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A CHP officer directs a motorist to move off of Tesla Road in Livermore, Calif., during Stage 3 of the Amgen Tour of California cycling race on Tuesday, May 13, 2014. A few motorists seemed surprised by the temporary road closure. (Cindi Christie/Bay Area News Group)

MOUNT DIABLO STATE PARK -- Rohan Dennis of Australia was hell on wheels.

He set off on a blistering sprint in the final 200 meters Tuesday during a lung-bursting climb up Mount Diablo to win Stage 3 of the Amgen Tour of California.

The final burst from the Australian riding for Team Garmin-Sharp shaved 20 seconds off Bradley Wiggins' overall lead after three tough stages in the tour that ends Sunday in Thousand Oaks.

Wiggins, 34, finished ninth on a day it appears he secured his first Tour of California title.

With five days left, it seems like a foregone conclusion for the Team Sky leader. The man who won the 2012 Tour de France and Olympic time trial gold medal at the London Games looks too fit to catch.

"I don't know if the Tour de France and Olympic champion is going to crack," Dennis said. "He is a level above all of us."

Kiel Reijnen of UnitedHeathcare Pro Cycling put it this way: "He's on another planet."

The rest of the 125-rider field knows the score. Wiggins proved himself over a one-two punch Monday and Tuesday in a stage race that could lose its drama.

But Dennis and the rest also were not ready to concede.

"It's biking racing, it's never over," Reijnen said. "A mechanical in the wrong spot, a flat or a crash. It's easy to say on paper, but for most of us if we didn't believe we had a shot of winning we wouldn't be here."


Race director Jim Birrell was hoping for leader changes through the race. He holds out hope something could happen Friday with a mountain finish in Southern California.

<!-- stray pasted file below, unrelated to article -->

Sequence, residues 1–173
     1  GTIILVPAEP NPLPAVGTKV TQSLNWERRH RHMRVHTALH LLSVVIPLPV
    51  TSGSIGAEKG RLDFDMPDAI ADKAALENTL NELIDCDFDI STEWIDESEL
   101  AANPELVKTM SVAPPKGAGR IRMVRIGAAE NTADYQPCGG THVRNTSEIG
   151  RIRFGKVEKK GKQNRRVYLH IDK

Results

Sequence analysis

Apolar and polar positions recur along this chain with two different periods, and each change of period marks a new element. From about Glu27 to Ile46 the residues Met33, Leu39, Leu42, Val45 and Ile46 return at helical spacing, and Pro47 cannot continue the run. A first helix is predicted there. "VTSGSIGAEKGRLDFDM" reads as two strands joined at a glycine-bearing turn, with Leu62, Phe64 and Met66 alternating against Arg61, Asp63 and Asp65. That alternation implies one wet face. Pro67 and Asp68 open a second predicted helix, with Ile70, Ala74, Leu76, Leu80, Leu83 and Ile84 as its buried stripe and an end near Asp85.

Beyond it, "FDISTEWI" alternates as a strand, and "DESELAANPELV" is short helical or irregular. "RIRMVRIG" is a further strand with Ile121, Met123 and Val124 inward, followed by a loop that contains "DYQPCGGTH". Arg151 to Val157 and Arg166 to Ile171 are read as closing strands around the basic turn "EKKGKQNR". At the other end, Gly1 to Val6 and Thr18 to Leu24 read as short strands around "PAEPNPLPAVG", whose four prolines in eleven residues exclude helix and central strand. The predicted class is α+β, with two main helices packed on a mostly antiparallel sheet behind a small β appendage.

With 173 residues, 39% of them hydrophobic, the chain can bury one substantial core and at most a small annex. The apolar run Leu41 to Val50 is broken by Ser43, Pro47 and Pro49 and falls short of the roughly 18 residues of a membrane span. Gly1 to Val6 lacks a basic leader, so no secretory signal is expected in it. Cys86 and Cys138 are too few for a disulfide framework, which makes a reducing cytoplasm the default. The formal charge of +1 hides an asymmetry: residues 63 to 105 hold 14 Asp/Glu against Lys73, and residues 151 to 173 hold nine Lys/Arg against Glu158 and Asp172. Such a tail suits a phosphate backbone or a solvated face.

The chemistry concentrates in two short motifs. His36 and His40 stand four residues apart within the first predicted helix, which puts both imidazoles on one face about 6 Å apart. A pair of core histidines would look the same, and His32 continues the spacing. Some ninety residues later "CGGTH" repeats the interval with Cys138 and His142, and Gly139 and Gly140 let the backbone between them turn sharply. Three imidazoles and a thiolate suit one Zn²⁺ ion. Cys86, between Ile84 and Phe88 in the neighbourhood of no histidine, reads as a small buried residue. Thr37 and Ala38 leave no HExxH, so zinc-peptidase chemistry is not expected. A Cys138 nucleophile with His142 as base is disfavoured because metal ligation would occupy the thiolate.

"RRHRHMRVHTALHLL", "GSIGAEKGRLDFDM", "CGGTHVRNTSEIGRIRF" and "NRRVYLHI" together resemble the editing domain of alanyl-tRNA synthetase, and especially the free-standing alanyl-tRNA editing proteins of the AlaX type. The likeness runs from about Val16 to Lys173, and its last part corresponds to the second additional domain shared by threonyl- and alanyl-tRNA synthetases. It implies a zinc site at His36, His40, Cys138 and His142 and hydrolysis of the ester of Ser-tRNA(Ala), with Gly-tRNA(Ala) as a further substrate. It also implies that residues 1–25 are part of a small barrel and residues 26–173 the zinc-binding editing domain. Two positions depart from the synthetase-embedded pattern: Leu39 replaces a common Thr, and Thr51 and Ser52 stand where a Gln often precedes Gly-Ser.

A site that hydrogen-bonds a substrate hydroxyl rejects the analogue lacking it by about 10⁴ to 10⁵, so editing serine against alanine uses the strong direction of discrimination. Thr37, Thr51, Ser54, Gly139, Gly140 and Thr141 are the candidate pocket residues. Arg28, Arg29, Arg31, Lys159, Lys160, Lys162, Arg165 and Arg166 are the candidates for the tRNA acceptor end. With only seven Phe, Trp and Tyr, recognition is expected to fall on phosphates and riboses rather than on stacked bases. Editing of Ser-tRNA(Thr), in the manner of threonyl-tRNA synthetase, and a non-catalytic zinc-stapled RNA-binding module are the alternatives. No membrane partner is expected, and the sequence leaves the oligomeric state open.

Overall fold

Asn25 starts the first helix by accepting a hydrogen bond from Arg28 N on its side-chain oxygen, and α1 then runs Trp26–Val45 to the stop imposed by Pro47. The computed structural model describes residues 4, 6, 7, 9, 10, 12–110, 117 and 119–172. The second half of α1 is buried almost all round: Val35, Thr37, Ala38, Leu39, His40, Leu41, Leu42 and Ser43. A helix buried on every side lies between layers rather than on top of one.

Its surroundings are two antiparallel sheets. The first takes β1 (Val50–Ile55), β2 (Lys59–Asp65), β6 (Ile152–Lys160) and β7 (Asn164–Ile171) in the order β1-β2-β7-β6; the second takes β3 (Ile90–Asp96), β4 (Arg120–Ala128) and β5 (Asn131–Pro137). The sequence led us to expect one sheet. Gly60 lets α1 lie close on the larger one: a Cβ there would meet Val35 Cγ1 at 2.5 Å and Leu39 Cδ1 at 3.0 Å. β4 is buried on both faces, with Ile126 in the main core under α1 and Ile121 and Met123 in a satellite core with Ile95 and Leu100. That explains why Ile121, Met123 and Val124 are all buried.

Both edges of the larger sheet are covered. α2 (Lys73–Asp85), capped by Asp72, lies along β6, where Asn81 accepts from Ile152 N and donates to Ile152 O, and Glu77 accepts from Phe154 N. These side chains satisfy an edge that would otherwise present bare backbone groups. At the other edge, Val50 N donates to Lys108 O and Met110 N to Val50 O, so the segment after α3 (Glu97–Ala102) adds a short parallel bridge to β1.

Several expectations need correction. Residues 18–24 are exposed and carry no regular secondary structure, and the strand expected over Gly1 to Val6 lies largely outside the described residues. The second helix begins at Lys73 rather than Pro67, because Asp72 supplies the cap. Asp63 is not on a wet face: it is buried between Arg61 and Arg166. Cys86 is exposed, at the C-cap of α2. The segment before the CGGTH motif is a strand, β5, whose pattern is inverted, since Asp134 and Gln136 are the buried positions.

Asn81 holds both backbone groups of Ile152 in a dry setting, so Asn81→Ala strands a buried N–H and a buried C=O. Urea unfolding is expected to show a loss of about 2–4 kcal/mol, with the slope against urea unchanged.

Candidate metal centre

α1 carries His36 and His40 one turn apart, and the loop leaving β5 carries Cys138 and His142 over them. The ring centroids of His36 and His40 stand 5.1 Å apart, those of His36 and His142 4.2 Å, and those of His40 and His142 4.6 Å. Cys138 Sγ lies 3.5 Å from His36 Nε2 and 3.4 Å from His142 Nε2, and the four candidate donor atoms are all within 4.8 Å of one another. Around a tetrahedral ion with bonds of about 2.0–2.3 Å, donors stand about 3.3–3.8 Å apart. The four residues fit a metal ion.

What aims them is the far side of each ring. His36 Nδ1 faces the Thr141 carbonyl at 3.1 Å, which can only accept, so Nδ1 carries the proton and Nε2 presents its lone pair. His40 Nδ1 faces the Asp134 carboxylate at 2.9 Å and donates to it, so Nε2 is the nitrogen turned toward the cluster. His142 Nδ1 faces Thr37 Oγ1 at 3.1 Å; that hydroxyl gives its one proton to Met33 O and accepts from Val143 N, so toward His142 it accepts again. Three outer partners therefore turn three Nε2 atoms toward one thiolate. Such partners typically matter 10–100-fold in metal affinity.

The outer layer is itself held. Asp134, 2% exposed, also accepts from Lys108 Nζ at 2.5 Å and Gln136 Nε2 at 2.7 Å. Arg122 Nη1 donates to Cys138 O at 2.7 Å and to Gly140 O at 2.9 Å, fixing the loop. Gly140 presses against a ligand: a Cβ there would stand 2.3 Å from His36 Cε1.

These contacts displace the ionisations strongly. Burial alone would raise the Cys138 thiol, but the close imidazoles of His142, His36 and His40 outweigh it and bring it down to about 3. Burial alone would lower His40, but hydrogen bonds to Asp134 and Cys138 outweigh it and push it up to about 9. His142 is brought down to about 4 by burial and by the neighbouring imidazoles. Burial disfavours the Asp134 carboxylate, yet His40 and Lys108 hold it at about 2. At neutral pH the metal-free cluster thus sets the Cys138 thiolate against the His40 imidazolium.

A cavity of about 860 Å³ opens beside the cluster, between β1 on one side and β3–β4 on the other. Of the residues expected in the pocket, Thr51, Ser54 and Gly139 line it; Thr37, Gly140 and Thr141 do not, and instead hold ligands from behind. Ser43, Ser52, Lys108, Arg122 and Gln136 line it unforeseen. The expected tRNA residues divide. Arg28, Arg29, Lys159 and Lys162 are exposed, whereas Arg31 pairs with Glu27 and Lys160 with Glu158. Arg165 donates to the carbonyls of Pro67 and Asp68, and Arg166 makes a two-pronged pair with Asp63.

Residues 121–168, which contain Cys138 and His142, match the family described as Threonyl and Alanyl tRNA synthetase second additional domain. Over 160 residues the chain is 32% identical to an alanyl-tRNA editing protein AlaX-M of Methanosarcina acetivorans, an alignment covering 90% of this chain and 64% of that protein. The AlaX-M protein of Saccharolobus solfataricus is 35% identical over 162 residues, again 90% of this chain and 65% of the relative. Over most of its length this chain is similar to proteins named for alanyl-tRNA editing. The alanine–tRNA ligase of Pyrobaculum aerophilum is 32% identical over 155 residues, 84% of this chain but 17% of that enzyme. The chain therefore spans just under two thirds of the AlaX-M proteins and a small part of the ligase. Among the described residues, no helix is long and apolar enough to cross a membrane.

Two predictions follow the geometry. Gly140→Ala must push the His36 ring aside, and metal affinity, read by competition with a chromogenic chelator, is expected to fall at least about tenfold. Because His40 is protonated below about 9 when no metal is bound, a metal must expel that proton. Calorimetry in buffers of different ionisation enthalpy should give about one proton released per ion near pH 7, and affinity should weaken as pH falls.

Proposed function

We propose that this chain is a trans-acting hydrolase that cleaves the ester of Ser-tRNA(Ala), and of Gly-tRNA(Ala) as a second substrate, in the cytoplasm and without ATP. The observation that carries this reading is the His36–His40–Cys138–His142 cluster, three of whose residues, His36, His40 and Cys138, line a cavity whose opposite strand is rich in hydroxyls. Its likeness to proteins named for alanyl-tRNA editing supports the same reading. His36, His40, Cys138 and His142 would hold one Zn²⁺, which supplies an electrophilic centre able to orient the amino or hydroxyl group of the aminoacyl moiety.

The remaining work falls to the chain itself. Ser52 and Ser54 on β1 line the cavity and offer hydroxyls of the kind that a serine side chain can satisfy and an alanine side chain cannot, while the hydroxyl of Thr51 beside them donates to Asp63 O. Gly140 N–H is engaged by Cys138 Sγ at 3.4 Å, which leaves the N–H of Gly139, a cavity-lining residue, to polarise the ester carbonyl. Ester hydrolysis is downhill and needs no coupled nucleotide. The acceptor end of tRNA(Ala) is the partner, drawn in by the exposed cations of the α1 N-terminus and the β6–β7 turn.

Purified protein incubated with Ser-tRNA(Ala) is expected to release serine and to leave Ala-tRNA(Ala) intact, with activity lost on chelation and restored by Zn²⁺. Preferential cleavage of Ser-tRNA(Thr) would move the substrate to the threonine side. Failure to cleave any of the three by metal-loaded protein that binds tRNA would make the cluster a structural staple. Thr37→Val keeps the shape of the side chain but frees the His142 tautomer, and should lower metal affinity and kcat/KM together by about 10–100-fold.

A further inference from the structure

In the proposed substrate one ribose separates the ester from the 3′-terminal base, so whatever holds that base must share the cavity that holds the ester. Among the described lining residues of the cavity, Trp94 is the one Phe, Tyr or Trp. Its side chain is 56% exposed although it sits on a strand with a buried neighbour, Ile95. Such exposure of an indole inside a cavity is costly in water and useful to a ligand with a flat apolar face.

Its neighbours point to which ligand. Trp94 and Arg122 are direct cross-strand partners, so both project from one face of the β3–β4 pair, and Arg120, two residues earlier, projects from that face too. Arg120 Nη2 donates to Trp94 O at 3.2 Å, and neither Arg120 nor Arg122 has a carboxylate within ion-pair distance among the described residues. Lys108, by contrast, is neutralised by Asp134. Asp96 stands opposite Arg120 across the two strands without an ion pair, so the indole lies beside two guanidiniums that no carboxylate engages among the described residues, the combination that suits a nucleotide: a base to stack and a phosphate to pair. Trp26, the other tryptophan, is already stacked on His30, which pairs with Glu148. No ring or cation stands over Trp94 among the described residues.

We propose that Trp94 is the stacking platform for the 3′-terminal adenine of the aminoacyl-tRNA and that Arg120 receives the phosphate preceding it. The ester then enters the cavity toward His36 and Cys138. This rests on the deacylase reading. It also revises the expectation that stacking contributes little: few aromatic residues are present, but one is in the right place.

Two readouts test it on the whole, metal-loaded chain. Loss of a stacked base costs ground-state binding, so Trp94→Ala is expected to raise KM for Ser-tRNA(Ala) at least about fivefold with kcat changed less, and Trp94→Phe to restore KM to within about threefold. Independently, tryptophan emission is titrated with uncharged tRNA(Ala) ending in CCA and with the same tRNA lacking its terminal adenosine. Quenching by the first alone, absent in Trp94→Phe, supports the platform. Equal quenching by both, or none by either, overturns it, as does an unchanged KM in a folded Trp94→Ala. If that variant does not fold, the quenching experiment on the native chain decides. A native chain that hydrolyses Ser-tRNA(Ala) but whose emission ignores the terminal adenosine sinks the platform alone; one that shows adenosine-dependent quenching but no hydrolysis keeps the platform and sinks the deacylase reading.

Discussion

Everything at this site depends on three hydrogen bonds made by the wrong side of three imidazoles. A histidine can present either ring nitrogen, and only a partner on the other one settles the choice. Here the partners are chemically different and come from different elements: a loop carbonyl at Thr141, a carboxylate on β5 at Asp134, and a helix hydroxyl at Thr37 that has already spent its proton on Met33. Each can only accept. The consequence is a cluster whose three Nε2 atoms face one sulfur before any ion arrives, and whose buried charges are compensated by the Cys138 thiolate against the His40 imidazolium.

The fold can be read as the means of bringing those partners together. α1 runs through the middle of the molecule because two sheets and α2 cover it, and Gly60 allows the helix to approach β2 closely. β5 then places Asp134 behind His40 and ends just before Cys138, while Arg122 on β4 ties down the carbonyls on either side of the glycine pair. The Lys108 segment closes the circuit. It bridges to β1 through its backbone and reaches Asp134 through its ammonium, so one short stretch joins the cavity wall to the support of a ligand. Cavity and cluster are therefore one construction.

But the twin climbs up Mount Hamilton and 3,848-foot Mount Diablo were not challenging enough to force Wiggins out of the yellow jersey.

"There are still a lot of miles between here and Thousand Oaks," Birrell said, hopefully.

But it is difficult to imagine a scenario in which Wiggins would surrender the lead because Team Sky is one of the world's strongest teams. The British outfit has scored consecutive victories at the Tour de France, looking to add another this year.

At least for a few seconds, Dennis showed he was the man of the day by sprinting past Wiggins and all other comers to win 108.5-mile the "Queens Stage" in 4 hours, 56 minutes, 2 seconds.

He beat Tiago Machado of Team NetApp-Endura by six seconds. Texan Lawson Craddock of Team Giant-Shimano was third, eight seconds behind.

Wiggins leads Dennis by 24 seconds in the overall standings. Machado is third overall, 1:05 behind.

"It's not very often that I win a hilltop finish," Dennis said. "Usually I crack."

As they rode over the mountains and into the heat Tuesday, the man with the yellow jersey looked calm. Wiggins kept a firm grip on the lead after a sizzling time trial on Stage 2.

"This is the first time I have ridden in this type of heat in almost two years," Wiggins said. "It takes an adjustment. Actually I am a bit knackered from it."

But the rising temperatures that reached well into the 90s didn't reduce the British star to a puddle. He worked to minimize any losses.

The day started with a big breakaway on 4,216-foot Mount Hamilton. The lead reached almost 7 minutes but none of the favored teams were involved in the break.

Team Sky tested Diablo a week ago. As a result, Wiggins knew the final 300 meters would be tough. But he expects the rest of the week to be equally difficult, starting Wednesday in Monterey for a stage through Big Sur.

"Every day is a tough day when you're in yellow," Wiggins said.

Contact Elliott Almond at 408-920-5865. Follow him on Twitter at